L-carnitine has been given to people with chronic lung disease in trials investigating how the body responds to exercise. In these double-blind trials, 2 grams of L-carnitine, taken twice daily for two to four weeks, led to positive changes in breathing response to exercise.
Mullein is classified in the herbal literature as both an expectorant, to promote the discharge of mucus, and a demulcent, to soothe and protect mucous membranes. Historically, mullein has been used as a remedy for the respiratory tract, particularly in cases of irritating coughs with bronchial congestion. Other herbs commonly used as expectorants in traditional medicine include elecampane, lobelia, yerba santa (Eriodictyon californicum),wild cherry bark, gumweed (Grindelia robusta),anise(Pimpinella anisum), and eucalyptus. Animal studies have suggested that some of these herbs increase discharge of mucus. However, none have been studied for efficacy in humans.
Researchers have also given coenzyme Q10 (CoQ10) to people with COPD after discovering their blood levels of CoQ10 were lower than those found in healthy people. In that trial, 90 mg of CoQ10 per day, given for eight weeks, led to no change in lung function, though oxygenation of blood improved, as did exercise performance and heart rate. Until more research is done, the importance of supplementing with CoQ10 for people with COPD remains unclear.
Caution: Do not use eucalyptus oil internally without supervision by a healthcare professional. As little as 3.5 ml of the oil taken internally has proven fatal.
Herbs commonly used as expectorants in traditional medicine include eucalyptus, elecampane, lobelia, yerba santa (Eriodictyon californicum), wild cherry bark, gumweed (Grindelia robusta), and anise(Pimpinella anisum). Animal studies have suggested that some of these herbs increase discharge of mucus. However, none have been studied for efficacy in humans.
A greater intake of the omega-3 fatty acids found in fish oils has been linked to reduced risk of COPD, though research has yet to investigate whether fish oil supplements would help people with COPD. In a double-blind trial, people with COPD received a fatty acid supplement (providing daily 760 mg of GLA [gamma-linolenic acid], 1,200 mg of ALA [alpha-linolenic acid], 700 mg of EPA [eicosapentaenoic acid], and 340 mg of DHA [docosahexaenoic acid]) or a placebo (80% palm oil and 20% sunflower oil) during an eight-week rehabilitation program. Compared with the placebo, the fatty acid supplement significantly improved exercise capacity. While two of the fatty acids supplied in this supplement (EPA and DHA acid) are found in fish oil, it is not known which components of the supplement were most responsible for the improvement. Gamma-linolenic acid is found in evening primrose oil, black currant seed oil, and borage oil; alpha-linolenic acid is found in flaxseed oil and other oils.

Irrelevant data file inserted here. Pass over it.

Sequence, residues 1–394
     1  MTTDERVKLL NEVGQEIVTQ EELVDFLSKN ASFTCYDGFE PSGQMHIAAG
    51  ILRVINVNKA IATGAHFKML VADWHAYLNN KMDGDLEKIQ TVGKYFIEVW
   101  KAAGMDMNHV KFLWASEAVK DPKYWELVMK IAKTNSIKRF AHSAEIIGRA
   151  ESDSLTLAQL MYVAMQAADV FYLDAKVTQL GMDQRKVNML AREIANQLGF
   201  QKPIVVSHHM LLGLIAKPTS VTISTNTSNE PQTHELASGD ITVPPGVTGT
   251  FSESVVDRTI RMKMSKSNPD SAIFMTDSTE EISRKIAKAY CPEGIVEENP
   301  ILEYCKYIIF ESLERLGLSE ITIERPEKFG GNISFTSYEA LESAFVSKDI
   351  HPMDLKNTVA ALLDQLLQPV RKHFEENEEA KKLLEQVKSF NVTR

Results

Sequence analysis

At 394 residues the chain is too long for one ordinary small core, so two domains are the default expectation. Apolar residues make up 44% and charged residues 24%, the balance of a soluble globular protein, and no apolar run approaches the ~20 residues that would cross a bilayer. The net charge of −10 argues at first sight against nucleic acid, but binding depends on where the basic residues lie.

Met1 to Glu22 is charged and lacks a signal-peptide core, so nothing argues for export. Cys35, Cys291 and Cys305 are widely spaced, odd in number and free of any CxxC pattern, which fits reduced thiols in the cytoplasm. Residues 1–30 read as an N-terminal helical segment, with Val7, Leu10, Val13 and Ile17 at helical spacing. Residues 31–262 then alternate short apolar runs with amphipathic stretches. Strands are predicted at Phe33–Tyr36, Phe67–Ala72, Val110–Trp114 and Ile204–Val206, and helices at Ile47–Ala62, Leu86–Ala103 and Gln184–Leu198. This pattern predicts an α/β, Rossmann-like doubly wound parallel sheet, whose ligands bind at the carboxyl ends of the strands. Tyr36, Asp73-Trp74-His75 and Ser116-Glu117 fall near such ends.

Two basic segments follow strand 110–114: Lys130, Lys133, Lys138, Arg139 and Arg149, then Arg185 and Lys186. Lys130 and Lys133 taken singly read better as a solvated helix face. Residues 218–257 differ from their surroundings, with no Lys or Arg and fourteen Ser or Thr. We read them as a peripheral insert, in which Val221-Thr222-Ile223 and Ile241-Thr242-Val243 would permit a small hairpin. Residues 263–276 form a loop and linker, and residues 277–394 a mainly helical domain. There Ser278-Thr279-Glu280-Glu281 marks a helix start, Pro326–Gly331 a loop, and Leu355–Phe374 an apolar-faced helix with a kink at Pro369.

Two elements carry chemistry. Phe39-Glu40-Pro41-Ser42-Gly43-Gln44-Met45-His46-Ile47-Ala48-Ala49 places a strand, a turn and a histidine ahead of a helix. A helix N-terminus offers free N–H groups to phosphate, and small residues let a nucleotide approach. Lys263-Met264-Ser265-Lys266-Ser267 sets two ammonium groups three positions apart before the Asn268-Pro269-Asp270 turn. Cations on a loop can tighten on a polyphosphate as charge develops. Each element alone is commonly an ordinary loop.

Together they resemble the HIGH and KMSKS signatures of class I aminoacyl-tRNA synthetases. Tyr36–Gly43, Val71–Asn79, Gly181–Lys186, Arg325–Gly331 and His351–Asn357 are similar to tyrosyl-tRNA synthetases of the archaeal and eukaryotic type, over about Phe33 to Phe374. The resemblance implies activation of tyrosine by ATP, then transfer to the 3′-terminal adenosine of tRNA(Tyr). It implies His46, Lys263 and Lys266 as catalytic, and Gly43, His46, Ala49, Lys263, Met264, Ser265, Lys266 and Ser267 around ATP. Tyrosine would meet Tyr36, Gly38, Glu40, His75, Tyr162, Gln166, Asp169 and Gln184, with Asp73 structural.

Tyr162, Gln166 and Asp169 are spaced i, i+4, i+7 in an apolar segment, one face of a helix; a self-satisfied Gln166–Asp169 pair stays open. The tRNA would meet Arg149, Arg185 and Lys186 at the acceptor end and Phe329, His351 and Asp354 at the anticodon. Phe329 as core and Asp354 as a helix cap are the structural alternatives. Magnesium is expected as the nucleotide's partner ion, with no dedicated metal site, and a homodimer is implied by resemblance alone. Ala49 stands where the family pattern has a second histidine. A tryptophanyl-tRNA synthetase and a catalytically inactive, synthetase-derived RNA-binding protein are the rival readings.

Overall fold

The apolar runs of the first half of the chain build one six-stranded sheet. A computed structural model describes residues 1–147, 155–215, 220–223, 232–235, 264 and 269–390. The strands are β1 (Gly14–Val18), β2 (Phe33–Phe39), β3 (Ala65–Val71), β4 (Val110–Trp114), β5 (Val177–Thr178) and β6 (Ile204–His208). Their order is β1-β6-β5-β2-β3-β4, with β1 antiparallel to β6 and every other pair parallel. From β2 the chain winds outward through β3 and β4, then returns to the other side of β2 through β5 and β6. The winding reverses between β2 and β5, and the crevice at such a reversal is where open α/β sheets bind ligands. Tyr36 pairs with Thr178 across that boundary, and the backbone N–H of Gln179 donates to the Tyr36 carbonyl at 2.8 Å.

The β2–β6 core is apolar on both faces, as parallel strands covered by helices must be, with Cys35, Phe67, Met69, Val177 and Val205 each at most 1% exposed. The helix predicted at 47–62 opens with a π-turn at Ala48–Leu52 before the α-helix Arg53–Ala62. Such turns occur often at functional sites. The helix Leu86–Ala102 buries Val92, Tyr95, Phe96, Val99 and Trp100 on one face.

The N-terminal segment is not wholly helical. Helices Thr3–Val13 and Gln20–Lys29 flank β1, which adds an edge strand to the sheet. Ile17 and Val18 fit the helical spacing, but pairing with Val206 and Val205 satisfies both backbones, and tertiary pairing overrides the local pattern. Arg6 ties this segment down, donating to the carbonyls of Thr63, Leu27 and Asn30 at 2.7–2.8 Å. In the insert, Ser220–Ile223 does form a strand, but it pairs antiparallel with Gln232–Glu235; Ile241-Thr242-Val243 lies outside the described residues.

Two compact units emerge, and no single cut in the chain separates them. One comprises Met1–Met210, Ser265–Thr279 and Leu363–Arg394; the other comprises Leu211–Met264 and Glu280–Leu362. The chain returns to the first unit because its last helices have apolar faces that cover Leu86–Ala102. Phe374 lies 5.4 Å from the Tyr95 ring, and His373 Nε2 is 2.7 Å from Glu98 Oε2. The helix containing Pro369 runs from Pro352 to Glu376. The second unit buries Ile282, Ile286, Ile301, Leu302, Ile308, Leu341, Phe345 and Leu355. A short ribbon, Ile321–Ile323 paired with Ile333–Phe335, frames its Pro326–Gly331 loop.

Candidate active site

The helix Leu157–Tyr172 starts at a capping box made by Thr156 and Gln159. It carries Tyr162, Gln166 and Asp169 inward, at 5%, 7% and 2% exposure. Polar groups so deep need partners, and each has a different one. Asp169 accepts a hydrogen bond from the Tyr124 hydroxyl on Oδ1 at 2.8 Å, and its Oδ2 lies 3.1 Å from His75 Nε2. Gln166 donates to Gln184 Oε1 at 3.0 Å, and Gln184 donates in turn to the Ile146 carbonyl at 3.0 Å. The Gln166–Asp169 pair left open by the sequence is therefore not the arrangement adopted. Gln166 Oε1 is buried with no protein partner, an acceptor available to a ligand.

A greater intake of the omega-3 fatty acids found in fish oils has been linked to reduced risk of COPD, though research has yet to investigate whether fish oil supplements would help people with COPD. In a double-blind trial, people with COPD received a fatty acid supplement (providing daily 760 mg of gamma-linolenic acid, 1,200 mg of alpha-linolenic acid, 700 mg of eicosapentaenoic acid, and 340 mg of docosahexaenoic acid) or a placebo (80% palm oil and 20% sunflower oil) during an eight-week rehabilitation program. Compared with the placebo, the fatty acid supplement significantly improved exercise capacity. While two of the fatty acids supplied in this supplement (eicosapentaenoic acid [EPA] and docosahexaenoic [DHA] acid) are found in fish oil, is not known which components of the supplement were most responsible for the improvement. Gamma-linolenic acid is found in evening primrose oil, black currant seed oil, and borage oil; alpha-linolenic acid is found in flaxseed oil and other oils.
Many prescription drugs commonly taken by people with COPD have been linked to magnesium deficiency, a potential problem because magnesium is needed for normal lung function. One group of researchers reported that 47% of people with COPD had a magnesium deficiency. In this study, magnesium deficiency was also linked to increased hospital stays. Thus, it appears that many people with COPD may be magnesium deficient, a problem that might worsen their condition; moreover, the deficiency is not easily diagnosed.
Intravenous magnesium has improved breathing capacity in people experiencing an acute exacerbation of COPD. In this double-blind study, the need for hospitalization also was reduced in the magnesium group (28% versus 42% with placebo), but this difference was not statistically significant. Intravenous magnesium is known to be a powerful bronchodilator. The effect of oral magnesium supplementation in people with COPD has yet to be investigated.
A review of nutrition and lung health reported that people with a higher dietary intake of vitamin C were less likely to be diagnosed with bronchitis. As yet, the effects of supplementing with vitamin C in people with COPD have not been studied.
1. Gualtierotti R, Solimene U, Tonoli D. Ionized air respiratory rehabilitation technics. Minerva Med 1977;68:3383-9.
2. Jones DP, O'Connor SA, Collins JV, et al. Effect of long-term ionized air treatment on patients with bronchial asthma. Thorax 1976;31:428-32.
Last Review: 06-08-2015